Around half the vehicles that will be on European roads in 2030 have already been sold, most with gasoline or diesel engines.
This is a huge problem for the world’s low-emission goals, as these vehicles will have to play their part in cutting CO2 emissions. But how can this be achieved? The answer, according to Bosch, is renewable synthetic fuels.
Ansgar Christ, an expert for renewable synthetic fuels at Bosch says that the idea is to create a cycle where the CO2 emitted by burning renewable synthetic fuels is reused to produce new fuels. This means that internal combustion vehicles on the road, when powered by synthetic fuels, become climate-neutral
But, to get to this point, this movement needs to be pushed by industry leaders and energy giants.
“Although it is technically already possible to manufacture synthetic fuels, capacity is lacking,” says Christ. “It has to be expanded rapidly to meet demand. Incentives could come from fuel quotas, offsetting CO2 savings against fleet consumption, and long-term planning certainty.”
And this isn’t limited to the automotive industry, as renewable synthetic fuels will be vital to current airplanes, ships and heavy-goods vehicles, which must also contribute to reduced CO2 levels.
Battery electric vehicles rely on a well-developed infrastructure of charging stations which, ultimately, do not exist today. This presents yet another advantage of synthetic fuels, which can be used with today’s infrastructure – including engines in vehicles on the road… even classic cars!
The advantage of renewable synthetic fuels, says Christ, is that their use has a much faster ecological impact than replacing vehicles and infrastructure, as existing filling stations can remain in operation. “We need both, renewable synthetic fuels in addition to electromobility to further reduce greenhouse gas emissions,” he adds.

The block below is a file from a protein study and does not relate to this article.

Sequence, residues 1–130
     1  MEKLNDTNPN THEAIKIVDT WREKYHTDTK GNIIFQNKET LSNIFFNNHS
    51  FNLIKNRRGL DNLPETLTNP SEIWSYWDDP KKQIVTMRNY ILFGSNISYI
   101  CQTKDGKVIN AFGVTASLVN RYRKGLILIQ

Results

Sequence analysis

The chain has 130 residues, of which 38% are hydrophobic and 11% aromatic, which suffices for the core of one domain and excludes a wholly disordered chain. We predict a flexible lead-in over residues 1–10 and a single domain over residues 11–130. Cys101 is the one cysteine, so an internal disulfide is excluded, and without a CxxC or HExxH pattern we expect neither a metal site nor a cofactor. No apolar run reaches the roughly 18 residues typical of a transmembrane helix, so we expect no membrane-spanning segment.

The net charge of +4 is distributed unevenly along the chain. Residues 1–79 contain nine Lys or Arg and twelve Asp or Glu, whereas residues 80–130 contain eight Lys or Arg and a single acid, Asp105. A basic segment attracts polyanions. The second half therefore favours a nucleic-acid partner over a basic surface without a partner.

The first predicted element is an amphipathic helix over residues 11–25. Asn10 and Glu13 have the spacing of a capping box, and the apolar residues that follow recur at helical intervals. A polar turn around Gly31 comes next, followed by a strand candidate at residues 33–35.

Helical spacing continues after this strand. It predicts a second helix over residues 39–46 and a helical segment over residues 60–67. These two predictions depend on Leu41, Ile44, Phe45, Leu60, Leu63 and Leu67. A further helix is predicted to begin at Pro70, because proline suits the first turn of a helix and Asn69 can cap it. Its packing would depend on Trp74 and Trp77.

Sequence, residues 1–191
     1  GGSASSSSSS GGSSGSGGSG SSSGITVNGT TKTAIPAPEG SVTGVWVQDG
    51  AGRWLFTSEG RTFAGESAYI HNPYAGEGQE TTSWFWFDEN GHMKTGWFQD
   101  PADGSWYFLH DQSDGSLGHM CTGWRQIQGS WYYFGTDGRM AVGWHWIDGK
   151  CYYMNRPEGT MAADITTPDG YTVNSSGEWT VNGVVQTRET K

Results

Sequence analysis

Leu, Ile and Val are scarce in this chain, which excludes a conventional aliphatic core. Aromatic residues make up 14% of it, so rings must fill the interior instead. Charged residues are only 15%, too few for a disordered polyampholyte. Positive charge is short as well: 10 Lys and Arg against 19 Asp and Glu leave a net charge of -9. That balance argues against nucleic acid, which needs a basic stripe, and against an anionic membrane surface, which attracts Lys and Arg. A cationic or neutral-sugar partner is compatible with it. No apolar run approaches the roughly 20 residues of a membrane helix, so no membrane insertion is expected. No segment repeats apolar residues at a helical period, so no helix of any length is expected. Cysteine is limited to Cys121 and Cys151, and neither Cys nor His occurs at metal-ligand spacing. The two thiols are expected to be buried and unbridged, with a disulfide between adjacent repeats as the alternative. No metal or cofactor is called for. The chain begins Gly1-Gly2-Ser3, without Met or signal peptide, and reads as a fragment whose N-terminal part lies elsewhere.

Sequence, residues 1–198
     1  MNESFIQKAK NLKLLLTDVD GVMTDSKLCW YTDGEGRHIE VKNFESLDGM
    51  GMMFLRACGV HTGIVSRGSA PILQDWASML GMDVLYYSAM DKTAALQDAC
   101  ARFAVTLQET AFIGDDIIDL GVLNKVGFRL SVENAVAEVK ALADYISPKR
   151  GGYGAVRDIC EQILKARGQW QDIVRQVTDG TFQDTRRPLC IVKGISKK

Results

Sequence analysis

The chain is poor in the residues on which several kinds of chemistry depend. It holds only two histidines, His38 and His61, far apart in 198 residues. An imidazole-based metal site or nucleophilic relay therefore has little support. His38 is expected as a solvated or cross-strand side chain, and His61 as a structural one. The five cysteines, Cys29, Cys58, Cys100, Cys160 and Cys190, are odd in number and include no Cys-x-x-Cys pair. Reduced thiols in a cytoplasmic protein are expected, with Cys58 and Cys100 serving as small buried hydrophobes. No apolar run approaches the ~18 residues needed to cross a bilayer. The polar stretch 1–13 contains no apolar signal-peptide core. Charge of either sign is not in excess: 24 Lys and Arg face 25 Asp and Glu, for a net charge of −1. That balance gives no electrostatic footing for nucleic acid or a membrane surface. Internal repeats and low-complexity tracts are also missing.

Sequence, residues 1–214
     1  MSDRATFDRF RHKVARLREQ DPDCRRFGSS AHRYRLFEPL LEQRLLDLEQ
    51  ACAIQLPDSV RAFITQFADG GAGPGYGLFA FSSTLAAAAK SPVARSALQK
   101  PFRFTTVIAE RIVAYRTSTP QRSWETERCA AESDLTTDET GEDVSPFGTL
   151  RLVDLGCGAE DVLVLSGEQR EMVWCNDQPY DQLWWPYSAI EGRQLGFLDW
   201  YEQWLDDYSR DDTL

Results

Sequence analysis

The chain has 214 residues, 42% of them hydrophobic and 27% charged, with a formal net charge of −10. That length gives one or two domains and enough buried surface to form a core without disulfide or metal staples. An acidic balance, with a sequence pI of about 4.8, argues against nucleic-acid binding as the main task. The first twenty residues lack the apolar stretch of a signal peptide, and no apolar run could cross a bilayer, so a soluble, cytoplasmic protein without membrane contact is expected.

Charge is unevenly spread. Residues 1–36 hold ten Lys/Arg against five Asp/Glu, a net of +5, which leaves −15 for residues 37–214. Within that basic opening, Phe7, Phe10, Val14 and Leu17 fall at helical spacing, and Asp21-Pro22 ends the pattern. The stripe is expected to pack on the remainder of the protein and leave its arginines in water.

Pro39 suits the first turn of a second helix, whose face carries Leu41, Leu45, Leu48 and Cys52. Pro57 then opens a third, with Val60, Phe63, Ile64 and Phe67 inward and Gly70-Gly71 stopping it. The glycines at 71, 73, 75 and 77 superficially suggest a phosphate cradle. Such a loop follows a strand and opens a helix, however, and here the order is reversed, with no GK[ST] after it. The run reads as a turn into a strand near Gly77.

So why has the industry been put off by synthetic fuels? Well, a lot of this comes down to costs. However, due to new renewable synthetic fuels, it will become far cheaper, thanks to expanding production capacities and the falling cost of electricity generated from renewable sources.
“Present studies suggest that a pure fuel cost of between 1.20 and 1.40 euros a litre can be achieved by 2030, and as little one euro by 2050,” states Christ. “These fuels’ cost disadvantage compared with fossil fuels could be significantly reduced if the value was ascribed to the environmental advantage of renewable synthetic fuels.”
EVs – not the be-all and end-all…
Although electric vehicles will play a huge part in the transport of tomorrow, they may only be suitable in short-distances – such as in cities. This creates another argument for renewable synthetic fuels as viable alternative applications – especially in long-haul – where range and performance comes into play.
Christ agrees that, for long-haul applications, synthetic fuels are predestined. “Hydrogen is the synthetic fuel easiest to produce,” he says. “Especially for trucks and cars that are mainly driven long-haul, Bosch is developing a hydrogen fuel cell system.
“If it uses green electricity during production, hydrogen allows CO2-free driving,” he continues. “The hydrogen tank can be refilled with highly compressed gas in a matter of minutes and lasts for typical driving distances of today’s trucks.”
This is just the start in the industry’s drive towards hitting targets, such as the Paris Climate Agreement’s long-term goal to keep the increase in global average temperature to well below 2 °C and to limit the increase to 1.5 °C. If achieved, this would substantially reduce the risks and effects of climate change.
“The fossil CO₂ emitted by road vehicles will have to be reduced to nearly zero over the next three decades for this to happen,” adds Christ. “To achieve this goal, we will need electromobility – battery electric and fuel cell electric vehicles. Additionally we will need renewable synthetic fuels, we will still miss our targets if we do not replace fossil with synthetic fuel.”
In short, there is no silver bullet when it comes to the climate crisis. Synthetic fuels may have had a bad reputation in the past, but they hold the key to supporting the transition over to such innovations as battery electric and hydrogen vehicles that are still in there relative infancy.
After all, EVs are only as emissions-free as the production of electricity that charges their batteries.
If you would like to attend our free live event debating the future of fuel, click on the link below.